The first virtual reality film to feature President Obama is, not surprisingly, a love letter to some of America's greatest treasures: its National Parks. Together with Oculus, National Geographic and the VR studio Felix & Paul, the President filmed Through the Ages, a VR experience meant to celebrate the centennial of the National Park Service.
The film shows off some grand sights from Yosemite, including the El Capitan mountain range and Mariposa Grove's sequoia trees. And we also get a chance to see President Obama exploring the sights with his family. Most importantly, it issues a strong environmental message focused on preserving the parks for future generations.
Through the Ages is available today free on the Oculus Store for Gear VR (and soon on the Oculus Rift), as well as a 360-degree video on Facebook. As you'd expect, the film takes full advantage of VR's immersiveness -- or at least, as much as it can being a mere video recording, rather than a fully rendered environment. It was shot stereoscopically, so there's a greater sense of depth to the images compared to most other 360-degree videos, making you feel as if you're actually standing atop mountains or right below the tallest trees in the world. It's also one of the sharpest virtual videos I've ever seen, with none of the mudiness we saw in the Olympics' VR videos.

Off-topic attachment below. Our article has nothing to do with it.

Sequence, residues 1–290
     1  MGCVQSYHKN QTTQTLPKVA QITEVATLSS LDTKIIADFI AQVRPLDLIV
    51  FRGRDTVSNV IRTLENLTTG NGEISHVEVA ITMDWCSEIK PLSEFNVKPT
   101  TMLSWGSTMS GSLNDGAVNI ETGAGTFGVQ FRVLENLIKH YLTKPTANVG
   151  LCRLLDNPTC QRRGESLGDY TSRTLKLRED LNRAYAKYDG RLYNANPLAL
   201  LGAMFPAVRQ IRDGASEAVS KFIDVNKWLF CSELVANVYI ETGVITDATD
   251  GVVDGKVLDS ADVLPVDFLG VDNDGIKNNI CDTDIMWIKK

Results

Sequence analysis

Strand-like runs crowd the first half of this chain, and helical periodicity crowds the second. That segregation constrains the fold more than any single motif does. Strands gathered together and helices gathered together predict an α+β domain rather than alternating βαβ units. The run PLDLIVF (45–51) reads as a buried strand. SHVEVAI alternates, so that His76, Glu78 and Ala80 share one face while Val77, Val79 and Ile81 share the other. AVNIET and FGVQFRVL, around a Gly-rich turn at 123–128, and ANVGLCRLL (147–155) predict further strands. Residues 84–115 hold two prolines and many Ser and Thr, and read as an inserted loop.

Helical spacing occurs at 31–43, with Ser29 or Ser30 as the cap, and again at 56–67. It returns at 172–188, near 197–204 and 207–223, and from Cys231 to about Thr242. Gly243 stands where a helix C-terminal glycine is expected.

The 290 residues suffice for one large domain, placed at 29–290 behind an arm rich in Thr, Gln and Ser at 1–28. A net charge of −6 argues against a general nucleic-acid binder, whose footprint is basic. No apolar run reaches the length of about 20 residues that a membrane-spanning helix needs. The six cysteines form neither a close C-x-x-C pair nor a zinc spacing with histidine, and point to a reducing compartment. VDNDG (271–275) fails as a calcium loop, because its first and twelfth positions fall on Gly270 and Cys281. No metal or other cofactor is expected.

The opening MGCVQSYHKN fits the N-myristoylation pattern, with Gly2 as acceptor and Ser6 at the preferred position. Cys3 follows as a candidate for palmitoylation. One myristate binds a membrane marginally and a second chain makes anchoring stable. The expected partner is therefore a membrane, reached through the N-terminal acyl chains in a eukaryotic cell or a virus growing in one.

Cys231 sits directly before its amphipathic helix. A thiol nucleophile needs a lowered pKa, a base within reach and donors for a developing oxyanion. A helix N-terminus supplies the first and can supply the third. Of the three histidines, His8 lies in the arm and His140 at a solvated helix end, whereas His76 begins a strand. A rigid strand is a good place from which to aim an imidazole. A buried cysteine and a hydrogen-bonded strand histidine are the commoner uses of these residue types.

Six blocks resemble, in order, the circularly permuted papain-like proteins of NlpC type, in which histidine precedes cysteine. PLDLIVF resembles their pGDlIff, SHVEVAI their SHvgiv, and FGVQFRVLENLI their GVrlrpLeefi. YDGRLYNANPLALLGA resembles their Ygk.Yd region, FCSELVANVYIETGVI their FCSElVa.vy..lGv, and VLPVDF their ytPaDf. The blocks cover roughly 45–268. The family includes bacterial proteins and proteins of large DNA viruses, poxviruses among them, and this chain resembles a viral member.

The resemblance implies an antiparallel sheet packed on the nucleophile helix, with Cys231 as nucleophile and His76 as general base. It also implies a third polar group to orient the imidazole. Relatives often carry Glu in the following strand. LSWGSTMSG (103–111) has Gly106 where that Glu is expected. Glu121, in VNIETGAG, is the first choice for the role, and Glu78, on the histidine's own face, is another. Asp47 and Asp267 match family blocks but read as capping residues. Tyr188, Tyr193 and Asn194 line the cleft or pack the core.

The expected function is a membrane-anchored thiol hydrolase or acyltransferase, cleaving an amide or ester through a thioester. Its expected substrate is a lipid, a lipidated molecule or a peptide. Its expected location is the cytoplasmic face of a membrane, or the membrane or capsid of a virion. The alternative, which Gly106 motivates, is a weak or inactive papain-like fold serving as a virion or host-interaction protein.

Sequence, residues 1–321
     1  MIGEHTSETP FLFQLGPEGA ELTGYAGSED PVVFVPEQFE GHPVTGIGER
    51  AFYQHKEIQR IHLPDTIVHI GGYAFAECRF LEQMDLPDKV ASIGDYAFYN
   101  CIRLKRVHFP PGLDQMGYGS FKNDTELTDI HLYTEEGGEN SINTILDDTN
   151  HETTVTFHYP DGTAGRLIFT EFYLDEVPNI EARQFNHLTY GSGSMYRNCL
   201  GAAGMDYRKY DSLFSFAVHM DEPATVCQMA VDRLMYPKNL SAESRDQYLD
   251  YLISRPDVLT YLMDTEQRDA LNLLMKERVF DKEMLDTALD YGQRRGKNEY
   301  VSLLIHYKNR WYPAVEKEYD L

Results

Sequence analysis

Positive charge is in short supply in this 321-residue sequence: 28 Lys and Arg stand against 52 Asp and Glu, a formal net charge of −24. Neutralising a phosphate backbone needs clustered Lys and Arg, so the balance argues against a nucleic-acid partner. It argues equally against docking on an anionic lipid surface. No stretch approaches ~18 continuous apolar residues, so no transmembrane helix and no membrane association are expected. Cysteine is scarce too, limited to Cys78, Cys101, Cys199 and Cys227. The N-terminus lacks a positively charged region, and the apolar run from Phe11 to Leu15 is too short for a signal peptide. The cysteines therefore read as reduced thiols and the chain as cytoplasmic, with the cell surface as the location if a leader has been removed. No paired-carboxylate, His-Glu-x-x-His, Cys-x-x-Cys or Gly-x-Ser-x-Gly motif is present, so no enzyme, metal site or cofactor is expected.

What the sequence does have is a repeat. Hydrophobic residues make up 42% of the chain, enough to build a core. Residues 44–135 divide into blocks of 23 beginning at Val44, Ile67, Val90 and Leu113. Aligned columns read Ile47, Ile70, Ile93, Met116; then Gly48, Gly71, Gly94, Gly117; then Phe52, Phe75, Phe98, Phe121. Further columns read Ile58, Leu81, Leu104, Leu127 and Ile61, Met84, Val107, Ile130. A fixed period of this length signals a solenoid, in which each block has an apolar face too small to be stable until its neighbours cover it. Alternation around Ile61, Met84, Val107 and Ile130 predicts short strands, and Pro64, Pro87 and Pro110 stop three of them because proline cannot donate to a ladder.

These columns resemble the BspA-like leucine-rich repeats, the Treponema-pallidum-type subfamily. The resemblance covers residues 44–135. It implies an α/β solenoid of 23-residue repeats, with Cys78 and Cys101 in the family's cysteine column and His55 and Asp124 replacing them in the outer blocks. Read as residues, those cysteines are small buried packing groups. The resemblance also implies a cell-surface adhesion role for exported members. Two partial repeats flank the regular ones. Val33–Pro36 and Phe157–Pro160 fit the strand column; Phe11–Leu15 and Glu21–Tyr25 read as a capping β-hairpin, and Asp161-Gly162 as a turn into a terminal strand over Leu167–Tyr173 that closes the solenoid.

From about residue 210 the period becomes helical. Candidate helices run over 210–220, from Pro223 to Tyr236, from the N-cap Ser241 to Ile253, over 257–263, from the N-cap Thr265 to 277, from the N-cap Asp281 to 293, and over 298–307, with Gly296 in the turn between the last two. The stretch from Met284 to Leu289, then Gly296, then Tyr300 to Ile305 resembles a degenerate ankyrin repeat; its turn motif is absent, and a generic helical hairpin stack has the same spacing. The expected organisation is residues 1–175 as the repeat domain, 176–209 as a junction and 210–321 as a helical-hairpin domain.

Felix Lajeunesse and Paul Raphael, the founders of the VR studio producing the film, wouldn't give up any specifics on how they shot the film, but they revealed their rig is a "custom designed body with multiple sensors" and a variety of lenses. At this point, their equipment can deliver the equivalent of "3.5K" video resolution to each eye, but of course the actual video quality is limited to the VR equipment you're using (most recent Samsung phones use displays with 2,560 by 1,440 resolutions, while the Oculus Rift delivers 2,160 by 1,200 across both of its lenses). Still, Felix & Paul will be able to offer higher quality versions of the film as newer VR tech hits the market.
Ultimately, the film gives people who might not get a chance to visit Yosemite a way to experience brief moments of its grandeur. President Obama mentions at one point that visiting the park as a child was a life-changing experience, and his hope to preserve it feels genuine. Sure, a VR film won't replace actually trekking to Yosemite in person, but it's the best option you'll have until making that trip.